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    Previous results in the literature have found the young inner-disc open cluster NGC 6705 to be mildly α-enhanced. We examined this possibility via an independent chemical abundance analysis for 11 red-giant members of NGC 6705. The analysis is based on near-infrared APOGEE spectra and relies on LTE calculations using spherical model atmospheres and radiative transfer. We find a mean cluster metallicity of $\rm [Fe/H] = +0.13 \pm 0.04$, indicating that NGC 6705 is metal-rich, as may be expected for a young inner-disc cluster. The mean α-element abundance relative to iron is $\rm \langle [\alpha /Fe]\rangle =-0.03 \pm 0.05$, which is not at odds with expectations from general Galactic abundance trends. NGC 6705 also provides important probes for studying stellar mixing, given its turn-off mass of M ∼ 3.3 M⊙. Its red giants have low 12C abundances ([12C/Fe] = −0.16) and enhanced 14N abundances ([14N/Fe] = +0.51), which are key signatures of the first dredge-up on the red giant branch. An additional signature of dredge-up was found in the Na abundances, which are enhanced by [Na/Fe] = +0.29, with a very small non-LTE correction. The 16O and Al abundances are found to be near-solar. All of the derived mixing-sensitive abundances are in agreement with stellar models of approximately 3.3 M⊙ evolving along the red giant branch and onto the red clump. As found in young open clusters with similar metallicities, NGC 6705 exhibits a mild excess in the s-process element cerium with $\rm [Ce/Fe] = +0.13\pm 0.07$.

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    Gradients in the stellar populations (SP) of galaxies – e.g. in age, metallicity, stellar initial mass function (IMF) – can result in gradients in the stellar-mass-to-light ratio, M*/L. Such gradients imply that the distribution of the stellar mass and light is different. For old SPs, e.g. in early-type galaxies at z ∼ 0, the M*/L gradients are weak if driven by variations in age and metallicity, but significantly larger if driven by the IMF. A gradient which has larger M*/L in the centre increases the estimated total stellar mass (M*) and reduces the scale which contains half this mass (Re,*), compared to when the gradient is ignored. For the IMF gradients inferred from fitting MILES simple SP models to the H β, 〈Fe〉, [MgFe], and TiO2SDSS absorption lines measured in spatially resolved spectra of early-type galaxies in the MaNGA survey, the fractional change in Re,* can be significantly larger than that in M*, especially when the light is more centrally concentrated. The Re,*–M* correlation which results from accounting for IMF gradients is offset to smaller sizes by 0.3 dex compared to when these gradients are ignored. Comparisons with ‘quiescent’ galaxies at higher z must account for evolution in SP gradients (especially age and IMF) and in the light profile before drawing conclusions about how Re,* and M* evolve. The implied merging between higher z and the present is less contrived if Re,*/Re at z ∼ 0 is closer to our IMF-driven gradient calibration than to unity.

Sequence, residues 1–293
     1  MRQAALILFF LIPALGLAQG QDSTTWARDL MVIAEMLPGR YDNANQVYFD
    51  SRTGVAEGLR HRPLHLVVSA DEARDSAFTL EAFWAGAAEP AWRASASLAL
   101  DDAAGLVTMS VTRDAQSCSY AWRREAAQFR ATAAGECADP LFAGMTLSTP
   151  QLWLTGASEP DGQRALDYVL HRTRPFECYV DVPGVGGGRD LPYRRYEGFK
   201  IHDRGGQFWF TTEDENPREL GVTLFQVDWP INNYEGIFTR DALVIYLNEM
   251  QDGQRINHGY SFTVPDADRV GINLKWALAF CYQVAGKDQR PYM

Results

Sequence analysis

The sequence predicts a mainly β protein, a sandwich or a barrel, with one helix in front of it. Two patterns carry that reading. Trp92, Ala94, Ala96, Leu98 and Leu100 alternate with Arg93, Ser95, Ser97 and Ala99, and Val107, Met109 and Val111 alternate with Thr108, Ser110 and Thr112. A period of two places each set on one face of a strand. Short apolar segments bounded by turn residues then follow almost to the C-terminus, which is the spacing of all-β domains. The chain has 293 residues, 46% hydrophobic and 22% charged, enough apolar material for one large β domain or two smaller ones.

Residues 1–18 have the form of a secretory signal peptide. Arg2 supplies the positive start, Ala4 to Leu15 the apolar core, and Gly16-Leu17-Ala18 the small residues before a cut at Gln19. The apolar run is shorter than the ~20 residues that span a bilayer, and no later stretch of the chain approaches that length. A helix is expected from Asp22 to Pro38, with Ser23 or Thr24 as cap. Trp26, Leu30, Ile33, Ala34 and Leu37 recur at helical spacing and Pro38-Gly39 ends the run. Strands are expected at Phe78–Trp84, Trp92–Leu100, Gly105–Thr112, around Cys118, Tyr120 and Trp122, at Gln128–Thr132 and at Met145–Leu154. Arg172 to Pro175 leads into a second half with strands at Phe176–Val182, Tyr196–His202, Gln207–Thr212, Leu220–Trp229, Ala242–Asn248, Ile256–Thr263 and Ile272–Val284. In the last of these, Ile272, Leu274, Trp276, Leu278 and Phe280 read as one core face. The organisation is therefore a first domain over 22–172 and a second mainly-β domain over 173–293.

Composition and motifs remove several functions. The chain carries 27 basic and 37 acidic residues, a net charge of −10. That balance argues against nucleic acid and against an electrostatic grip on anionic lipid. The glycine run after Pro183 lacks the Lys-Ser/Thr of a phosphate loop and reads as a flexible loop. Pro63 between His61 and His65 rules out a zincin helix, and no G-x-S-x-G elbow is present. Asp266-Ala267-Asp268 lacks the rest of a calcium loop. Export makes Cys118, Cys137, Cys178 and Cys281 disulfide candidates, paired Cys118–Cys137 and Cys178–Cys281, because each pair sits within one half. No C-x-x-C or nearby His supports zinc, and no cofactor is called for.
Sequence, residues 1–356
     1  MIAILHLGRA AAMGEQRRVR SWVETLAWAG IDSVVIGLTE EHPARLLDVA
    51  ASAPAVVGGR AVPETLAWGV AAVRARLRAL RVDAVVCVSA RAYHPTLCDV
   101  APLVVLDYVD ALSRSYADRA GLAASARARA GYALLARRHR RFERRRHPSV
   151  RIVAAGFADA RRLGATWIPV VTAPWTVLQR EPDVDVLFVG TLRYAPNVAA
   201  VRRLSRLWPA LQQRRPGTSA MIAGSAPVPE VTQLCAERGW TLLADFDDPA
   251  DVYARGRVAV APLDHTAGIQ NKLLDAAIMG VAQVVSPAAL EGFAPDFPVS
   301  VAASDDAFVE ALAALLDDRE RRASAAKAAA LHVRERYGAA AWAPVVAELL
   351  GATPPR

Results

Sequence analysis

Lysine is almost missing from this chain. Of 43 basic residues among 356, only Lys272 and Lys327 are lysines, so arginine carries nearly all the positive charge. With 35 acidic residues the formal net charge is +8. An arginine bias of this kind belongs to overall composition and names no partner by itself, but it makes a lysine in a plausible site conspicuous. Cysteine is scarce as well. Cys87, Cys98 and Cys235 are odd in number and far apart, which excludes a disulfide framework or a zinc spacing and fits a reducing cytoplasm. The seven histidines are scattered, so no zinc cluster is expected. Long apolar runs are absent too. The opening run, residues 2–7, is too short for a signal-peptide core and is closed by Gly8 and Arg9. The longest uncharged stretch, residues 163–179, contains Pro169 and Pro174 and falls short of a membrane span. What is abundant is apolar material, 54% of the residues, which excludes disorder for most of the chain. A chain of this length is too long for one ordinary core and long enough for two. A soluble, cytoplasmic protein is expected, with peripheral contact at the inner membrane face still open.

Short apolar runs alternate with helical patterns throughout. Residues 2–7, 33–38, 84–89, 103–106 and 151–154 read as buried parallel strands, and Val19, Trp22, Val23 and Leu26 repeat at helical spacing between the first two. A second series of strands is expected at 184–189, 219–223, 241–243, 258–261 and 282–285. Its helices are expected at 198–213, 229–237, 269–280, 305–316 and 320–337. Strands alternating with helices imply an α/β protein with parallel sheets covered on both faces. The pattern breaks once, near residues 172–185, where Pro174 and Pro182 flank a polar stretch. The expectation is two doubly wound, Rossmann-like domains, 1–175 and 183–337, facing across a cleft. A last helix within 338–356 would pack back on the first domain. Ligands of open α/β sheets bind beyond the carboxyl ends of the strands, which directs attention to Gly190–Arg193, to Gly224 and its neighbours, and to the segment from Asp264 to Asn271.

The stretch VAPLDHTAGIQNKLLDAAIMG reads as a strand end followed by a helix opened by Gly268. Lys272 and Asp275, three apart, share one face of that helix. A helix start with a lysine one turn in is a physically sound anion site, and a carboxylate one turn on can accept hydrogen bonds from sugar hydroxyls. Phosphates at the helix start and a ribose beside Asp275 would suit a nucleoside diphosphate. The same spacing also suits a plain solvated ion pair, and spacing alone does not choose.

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    We present a catalogue of 16 551 edge-on galaxies created using the public DR2 data of the Pan-STARRS survey. The catalogue covers the three quarters of the sky above Dec. = −30°. The galaxies were selected using a convolutional neural network, trained on a sample of edge-on galaxies identified earlier in the SDSS survey. This approach allows us to dramatically improve the quality of the candidate selection and perform a thorough visual inspection in a reasonable amount of time. The catalogue provides homogeneous information on astrometry, SExtractor photometry, and non-parametric morphological statistics of the galaxies. The photometry is reliably for objects in the 13.8–17.4 r-band magnitude range. According to the HyperLeda data base, redshifts are known for about 63 per cent of the galaxies in the catalogue. Our sample is well separated into the red sequence and blue cloud galaxy populations. The edge-on galaxies of the red sequence are systematically Δ(g − i) ≈ 0.1 mag redder than galaxies oriented at an arbitrary angle to the observer. We found a variation of the galaxy thickness with the galaxy colour. The red sequence galaxies are thicker than the galaxies of the blue cloud. In the blue cloud, on average, thinner galaxies turn out to be bluer. In the future, based on this catalogue it is intended to explore the three-dimensional structure of galaxies of different morphologies, as well as to study the scaling relations for discs and bulges.